Thousands of people took action in the days before the Digital Services Act (DSA) vote in the EU Parliament, asking Members of the EU Parliament (MEPs) to end surveillance advertising.
As part of the Platform Power campaign, we have coordinated with many civil society organisations and raised our voices for stronger laws against the business model of Big Tech online platforms. Together, we succesfully pressured law-makers to put people at the center of the debate.
On 20 January 2022, the Members of the EU Parliament (MEPs) decided BigTech platforms should no longer be allowed to use surveillance ads on children and have significantly limited surveillance ads for adults. More, the EU Parliament voted BigTech platforms should be prohibited from using ‘dark patterns’, so called manipulative interfaces
Banning surveillance ads
See below how our representatives in the EU Parliament voted on the restrictions to surveillance ads.
Despite the fact that MEPs did not vote for a full ban on surveillance ads, they voted a strong amendment that severely restricted the use of people’s most sensitive personal data to target them with paid messages. In detail, the amendment prohibits the targeting or amplifications techniques that process, reveal or infer personal data of children or the sensible data of adults – for the purpose of displaying advertisement. Such sensible data includes religious beliefs, sexual orientation and racial or ethnic origin.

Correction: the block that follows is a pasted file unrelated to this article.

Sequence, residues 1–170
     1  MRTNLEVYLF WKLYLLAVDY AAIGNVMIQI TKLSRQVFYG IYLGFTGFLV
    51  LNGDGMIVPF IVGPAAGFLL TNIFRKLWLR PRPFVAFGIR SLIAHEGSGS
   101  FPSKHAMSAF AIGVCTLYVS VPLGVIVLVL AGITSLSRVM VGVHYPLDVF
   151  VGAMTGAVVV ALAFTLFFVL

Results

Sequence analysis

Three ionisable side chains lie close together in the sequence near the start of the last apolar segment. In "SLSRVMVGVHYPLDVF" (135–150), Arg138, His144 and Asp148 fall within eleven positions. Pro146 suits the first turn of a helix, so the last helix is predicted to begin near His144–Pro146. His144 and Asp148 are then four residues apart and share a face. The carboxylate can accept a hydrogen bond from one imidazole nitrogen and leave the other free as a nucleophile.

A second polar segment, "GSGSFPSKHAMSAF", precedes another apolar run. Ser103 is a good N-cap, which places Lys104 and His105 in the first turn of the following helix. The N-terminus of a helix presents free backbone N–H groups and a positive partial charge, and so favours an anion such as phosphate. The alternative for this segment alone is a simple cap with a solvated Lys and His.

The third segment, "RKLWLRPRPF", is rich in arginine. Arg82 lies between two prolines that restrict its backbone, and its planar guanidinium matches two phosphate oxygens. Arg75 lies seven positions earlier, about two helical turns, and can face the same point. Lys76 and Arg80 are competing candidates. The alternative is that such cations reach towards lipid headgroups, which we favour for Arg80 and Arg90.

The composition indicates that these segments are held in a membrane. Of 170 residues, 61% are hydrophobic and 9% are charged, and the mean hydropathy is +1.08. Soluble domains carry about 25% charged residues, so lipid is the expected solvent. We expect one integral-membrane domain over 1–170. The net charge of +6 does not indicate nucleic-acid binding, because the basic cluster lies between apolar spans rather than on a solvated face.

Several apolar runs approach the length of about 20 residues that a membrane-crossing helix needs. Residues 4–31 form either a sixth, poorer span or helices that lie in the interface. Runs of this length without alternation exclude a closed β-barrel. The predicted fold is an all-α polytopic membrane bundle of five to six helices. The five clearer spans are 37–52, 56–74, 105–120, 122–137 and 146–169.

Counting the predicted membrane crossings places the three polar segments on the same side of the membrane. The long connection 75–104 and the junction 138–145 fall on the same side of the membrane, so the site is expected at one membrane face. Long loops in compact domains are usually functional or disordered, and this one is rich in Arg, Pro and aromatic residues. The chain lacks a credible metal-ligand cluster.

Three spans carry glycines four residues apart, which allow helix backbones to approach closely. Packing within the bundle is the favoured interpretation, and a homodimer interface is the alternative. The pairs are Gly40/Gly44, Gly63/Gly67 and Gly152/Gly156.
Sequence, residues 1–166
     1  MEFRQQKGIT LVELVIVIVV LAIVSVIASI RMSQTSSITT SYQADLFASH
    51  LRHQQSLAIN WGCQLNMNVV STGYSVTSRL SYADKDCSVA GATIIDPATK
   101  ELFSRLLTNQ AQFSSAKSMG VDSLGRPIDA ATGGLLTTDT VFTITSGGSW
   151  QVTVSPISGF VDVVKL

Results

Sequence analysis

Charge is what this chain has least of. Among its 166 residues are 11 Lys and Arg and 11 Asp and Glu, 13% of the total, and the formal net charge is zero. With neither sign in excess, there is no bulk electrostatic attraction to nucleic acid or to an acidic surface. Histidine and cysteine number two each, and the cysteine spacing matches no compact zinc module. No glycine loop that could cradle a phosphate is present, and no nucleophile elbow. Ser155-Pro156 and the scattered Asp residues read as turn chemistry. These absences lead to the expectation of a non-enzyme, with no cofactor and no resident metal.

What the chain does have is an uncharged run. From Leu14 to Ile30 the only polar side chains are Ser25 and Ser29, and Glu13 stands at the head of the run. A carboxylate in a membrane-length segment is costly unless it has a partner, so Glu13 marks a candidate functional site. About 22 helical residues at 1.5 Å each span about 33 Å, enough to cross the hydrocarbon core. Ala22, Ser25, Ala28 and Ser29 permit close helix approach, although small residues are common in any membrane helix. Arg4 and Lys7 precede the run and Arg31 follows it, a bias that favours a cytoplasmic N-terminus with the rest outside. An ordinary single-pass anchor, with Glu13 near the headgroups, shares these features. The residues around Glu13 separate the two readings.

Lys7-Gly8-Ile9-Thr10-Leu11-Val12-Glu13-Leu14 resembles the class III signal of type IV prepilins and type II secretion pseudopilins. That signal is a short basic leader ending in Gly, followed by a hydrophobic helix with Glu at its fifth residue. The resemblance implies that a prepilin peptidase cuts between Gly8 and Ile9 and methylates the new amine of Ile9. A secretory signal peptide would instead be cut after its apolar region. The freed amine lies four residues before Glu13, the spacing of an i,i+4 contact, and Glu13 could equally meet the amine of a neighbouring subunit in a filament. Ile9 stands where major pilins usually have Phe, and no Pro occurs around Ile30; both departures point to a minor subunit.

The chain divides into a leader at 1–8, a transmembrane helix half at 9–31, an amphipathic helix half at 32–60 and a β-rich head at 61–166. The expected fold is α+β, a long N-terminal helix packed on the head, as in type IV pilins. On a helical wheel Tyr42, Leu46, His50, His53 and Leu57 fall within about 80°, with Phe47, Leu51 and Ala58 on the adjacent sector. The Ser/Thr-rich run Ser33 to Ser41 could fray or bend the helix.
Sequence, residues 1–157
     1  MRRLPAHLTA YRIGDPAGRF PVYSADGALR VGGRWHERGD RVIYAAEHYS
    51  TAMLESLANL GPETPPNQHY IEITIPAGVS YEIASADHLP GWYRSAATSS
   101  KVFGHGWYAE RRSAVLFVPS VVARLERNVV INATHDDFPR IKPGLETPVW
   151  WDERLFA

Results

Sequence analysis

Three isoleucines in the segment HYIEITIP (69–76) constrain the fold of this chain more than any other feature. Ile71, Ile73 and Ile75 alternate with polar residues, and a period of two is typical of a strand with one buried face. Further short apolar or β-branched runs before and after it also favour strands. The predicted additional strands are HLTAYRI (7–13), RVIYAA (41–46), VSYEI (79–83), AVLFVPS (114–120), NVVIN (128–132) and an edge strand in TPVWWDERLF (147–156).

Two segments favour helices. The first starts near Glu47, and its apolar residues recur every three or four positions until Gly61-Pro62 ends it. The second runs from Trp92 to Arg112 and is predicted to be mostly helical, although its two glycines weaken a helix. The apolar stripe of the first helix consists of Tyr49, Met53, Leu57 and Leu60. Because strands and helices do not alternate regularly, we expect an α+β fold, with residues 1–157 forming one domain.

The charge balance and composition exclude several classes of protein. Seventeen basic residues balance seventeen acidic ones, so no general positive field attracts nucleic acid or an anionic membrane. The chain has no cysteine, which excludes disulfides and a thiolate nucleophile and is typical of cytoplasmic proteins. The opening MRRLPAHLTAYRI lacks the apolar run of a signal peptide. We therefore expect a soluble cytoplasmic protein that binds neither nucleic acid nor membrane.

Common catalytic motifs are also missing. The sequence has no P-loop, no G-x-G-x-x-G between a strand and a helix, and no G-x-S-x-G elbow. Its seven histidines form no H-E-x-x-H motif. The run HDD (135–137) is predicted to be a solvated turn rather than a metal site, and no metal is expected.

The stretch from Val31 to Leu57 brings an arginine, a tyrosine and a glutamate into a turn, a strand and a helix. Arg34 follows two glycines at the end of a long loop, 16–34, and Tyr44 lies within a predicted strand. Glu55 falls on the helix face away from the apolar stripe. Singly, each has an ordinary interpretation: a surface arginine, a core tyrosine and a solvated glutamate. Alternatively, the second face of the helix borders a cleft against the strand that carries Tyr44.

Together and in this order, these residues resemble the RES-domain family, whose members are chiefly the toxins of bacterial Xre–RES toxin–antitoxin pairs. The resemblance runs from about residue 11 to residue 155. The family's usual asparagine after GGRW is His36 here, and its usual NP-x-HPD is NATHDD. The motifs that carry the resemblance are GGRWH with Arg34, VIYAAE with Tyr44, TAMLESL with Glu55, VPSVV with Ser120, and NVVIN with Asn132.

Prohibition on ‘dark patterns‘
MEPs also agreed to prohibit the use of ‘dark patterns’, so called manipulative interfaces that are designed to trick users into unintentionally consenting to sharing their personal data. Dark patterns are systematically used by Big Tech platforms like Facebook and Youtube but also by countless apps and websites to push users into consenting to surveillance based advertising.
See below how our representatives in the EU Parliament voted on ending ‘dark patterns’
People power makes change happen
The actions digital rights activists have taken ahead of the vote have been crucial for this success. We cherish the energy you put into making the digitalised society one based on fairness, equal opportunities, choice and justice.
The January DSA vote in the EU Parliament emphasised important protections for our rights – also in regards to people’s freedom of expression online and right to secure communications.
Moving ahead, the EU negotiations on how to regulate BigTech go into trilogues – a process notorious for its opacity and lack of democratic scrutiny. Do you want to know more about how the EU works and why the trilogues are special?